Bangalore: India’s software industry may have to stop worrying about the recession and start worrying about the rupee if the results of Infosys Technologies Ltd for the last quarter of 2009-10 are any indication.
Infosys may have additional cause for concern, attrition: Though it hired 27,639 people in 2009-10, it effectively added only 8,946 people to its rolls, which means 18,643 people left the company in the course of the year. The company has sought to address this through handsome raises and promotions, moves that could force its rivals to follow suit.
Graphic: Yogesh Kumar / Mint
Infosys, which said its dollar revenue would rise by 16-18% this fiscal, said its revenue grew in the quarter ended March to Rs5,944 crore, 3.5% higher than that in the previous quarter and 5.5% higher than that in the corresponding quarter of 2008-09. Its net profit for the quarter was Rs1,600 crore, a 2.6% increase over the previous quarter and a 0.9% dip over the corresponding quarter of last year.
While the company expects increased business from the US and Europe, that were till recently in the grip of a recession, to contribute to growth, it anticipates a hit from the rising rupee. Infosys said its revenue in rupee terms would grow only 9-11% in 2010-11. The Indian currency has risen 6% against the dollar, the currency in which Infosys bills two in every three of its customers, in the past year.
Investors who were cautious in early trade after the results were announced, because of muted earnings per share projections—indicating a year-on-year decline of 2% or, at best, a growth of 2.1%—responded favourably to the stock later in the day. The stock closed 3.69% or Rs91.10 up at Rs2,782.35, lifting the IT Index by 3.09% on the Bombay Stock Exchange (BSE). The benchmark BSE Index closed 31.04 points lower at 17,821.96 on Tuesday. Stocks of most large software firms rose.
Infosys’ results may force analysts to rerate the software sector.
“…We consider the Infosys guidance of 16-18% dollar-revenue growth for FY11 as a game-changing inflection point for the industry. It is now clear that we need to think not about 20-25% growth, but rather close to 30%,” brokerage CLSA Asia-Pacific said in a note to clients after the results.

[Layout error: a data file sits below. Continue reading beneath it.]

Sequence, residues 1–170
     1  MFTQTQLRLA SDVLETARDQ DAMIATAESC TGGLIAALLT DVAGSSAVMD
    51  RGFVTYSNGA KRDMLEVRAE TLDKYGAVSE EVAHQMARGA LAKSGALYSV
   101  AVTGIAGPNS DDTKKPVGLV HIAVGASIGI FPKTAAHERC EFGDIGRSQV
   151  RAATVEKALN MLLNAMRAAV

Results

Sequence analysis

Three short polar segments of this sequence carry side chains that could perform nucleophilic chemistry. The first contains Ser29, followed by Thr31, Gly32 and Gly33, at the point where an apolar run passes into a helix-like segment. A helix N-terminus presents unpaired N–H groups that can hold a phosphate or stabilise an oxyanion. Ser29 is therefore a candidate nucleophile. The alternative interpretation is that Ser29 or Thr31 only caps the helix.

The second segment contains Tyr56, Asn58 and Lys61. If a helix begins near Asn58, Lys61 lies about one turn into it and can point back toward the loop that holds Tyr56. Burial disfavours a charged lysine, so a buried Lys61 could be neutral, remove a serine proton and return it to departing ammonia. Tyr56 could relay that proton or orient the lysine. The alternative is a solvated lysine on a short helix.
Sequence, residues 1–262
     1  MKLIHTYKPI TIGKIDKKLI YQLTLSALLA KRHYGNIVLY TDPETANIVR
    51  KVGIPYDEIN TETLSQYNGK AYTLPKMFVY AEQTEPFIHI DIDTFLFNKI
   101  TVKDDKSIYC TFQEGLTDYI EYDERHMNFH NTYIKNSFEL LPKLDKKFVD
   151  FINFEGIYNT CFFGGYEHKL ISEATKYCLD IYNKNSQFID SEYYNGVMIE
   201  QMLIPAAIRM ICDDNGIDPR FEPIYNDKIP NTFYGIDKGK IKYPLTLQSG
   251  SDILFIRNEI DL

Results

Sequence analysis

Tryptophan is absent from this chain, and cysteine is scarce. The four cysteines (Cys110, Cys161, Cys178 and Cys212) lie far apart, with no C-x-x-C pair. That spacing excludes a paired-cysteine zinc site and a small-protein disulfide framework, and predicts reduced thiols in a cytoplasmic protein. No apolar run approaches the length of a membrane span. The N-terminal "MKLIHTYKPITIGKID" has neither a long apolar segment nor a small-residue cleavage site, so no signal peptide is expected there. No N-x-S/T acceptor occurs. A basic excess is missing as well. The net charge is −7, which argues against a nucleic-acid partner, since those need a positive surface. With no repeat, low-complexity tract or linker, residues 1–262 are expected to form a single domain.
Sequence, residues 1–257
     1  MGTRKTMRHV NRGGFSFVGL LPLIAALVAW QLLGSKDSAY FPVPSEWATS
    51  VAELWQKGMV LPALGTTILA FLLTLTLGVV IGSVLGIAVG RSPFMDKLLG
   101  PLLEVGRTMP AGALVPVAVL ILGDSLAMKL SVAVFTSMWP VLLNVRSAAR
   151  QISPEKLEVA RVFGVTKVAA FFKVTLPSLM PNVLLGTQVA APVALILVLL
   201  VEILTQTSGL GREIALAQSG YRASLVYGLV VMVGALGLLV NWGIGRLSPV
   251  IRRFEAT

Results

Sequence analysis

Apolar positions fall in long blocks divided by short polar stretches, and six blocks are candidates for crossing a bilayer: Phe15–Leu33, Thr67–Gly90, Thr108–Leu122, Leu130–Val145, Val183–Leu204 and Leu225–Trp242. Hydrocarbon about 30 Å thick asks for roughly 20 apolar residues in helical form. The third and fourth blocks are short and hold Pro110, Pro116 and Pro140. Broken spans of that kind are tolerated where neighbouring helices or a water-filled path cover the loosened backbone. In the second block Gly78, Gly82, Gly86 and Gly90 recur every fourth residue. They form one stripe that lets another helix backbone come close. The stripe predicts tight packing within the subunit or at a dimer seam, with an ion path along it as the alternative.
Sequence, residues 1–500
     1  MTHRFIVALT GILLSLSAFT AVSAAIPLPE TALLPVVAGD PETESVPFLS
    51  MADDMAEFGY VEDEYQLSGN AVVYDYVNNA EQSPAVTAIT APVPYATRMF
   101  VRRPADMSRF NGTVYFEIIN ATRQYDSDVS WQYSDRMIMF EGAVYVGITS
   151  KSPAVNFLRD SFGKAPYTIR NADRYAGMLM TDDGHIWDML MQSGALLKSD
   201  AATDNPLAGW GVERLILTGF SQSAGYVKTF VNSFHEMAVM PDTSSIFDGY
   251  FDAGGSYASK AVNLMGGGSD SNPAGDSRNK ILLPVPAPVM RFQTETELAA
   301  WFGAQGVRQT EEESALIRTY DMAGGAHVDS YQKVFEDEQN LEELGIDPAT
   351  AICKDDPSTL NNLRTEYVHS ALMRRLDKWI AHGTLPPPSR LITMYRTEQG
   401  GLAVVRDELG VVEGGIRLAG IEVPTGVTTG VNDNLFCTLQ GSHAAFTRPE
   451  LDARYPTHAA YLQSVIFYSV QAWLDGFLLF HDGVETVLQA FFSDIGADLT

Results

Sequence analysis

Infosys chief executive S. Gopalakrishnan said in an interview that while companies in Europe and the US had realized that they could “do only so much with cost cutting” and needed to invest. “When they make these investments, the model they want to adopt is the offshoring model (and) that is the reason why you are seeing Indian companies are showing faster growth,” he explained.
Gopalakrishnan’s confidence reflects the predictions of multinational research firms Forrester Research Inc. and Gartner Inc. that have forecast that the global IT market will grow by 7.7% and 5.3% respectively this year.
Interestingly, while the lower range of Infosys’ forecast reflects a lower earnings per share, the company has in the past, usually bettered its guidance, explaining the rally in the stock. “The business environment is better now. Even during the slowdown, they have shown higher growth. Infosys has the best execution engine in the industry, they have always outperformed their guidance,” said Anil Advani, head of research at SBICAP Securities Ltd, a Mumbai brokerage.
That seems to be the popular perception among analysts.
“Though the company factors in pressure on margins due to exchange rate and higher tax we expect EPS (earnings per share) to be upgraded as we go into FY11,” said Kunal Sangoi, research analyst at Edelweiss Securities Ltd in a note to clients.
With growth returning, Infosys now faces a familiar problem, attrition. In 2009-10, this touched 13.4%, a level last seen in early 2008. That number is well above the company’s comfort level, admitted Mohandas Pai, director, human resources at the company. “7-8% is normal (attrition), 9% is acceptable.”
Out of the 13.4% attrition rate, Pai said 3 percentage points is involuntary attrition, a reference to employees who were asked to leave.
Some of the attrition can be attributed to a new career plan put in place by Infosys which has caused significant resentment among some of its employees. In an effort to placate these and other employees, the company announced salary hikes of between 13% and 17% and has promoted 7,500 people. Infosys will take a hit on its margins by spending $134 million (Rs598 crore) on the raises, the second such in the past six months.
Infosys’ career architecture mapping programme, iRace, short for Infosys Role and Career Enhancement, was designed by human resource consulting firm, Mercer Consulting (India) Pvt. Ltd and rolled out in phases starting May 2008. The programme defines roles, competencies and proficiency requirements, requiring employees to have better depth in domain and experience. The new system meant 4,500 demotions in October and plenty of negative feedback from employees on the company’s internal blog.
Out of the 4,500 employees demoted in October post iRace, 2,500 have met the experience criteria and have been promoted in April (2010), said Nandita Gurjar, senior vice-president and head of global human resources. “Most of the remaining 2,000 will meet the (experience) criteria by October and will be promoted then.”
Infosys has forecast rupee revenue to be in the range of Rs24,796 crore and Rs25,239 crore for the year to March. It expects the dollar revenue to be between $5.57 billion and $5.67 billion. The firm ended 2009-10 with Rs22,742 crore in revenue and Rs6,219 crore in net profit.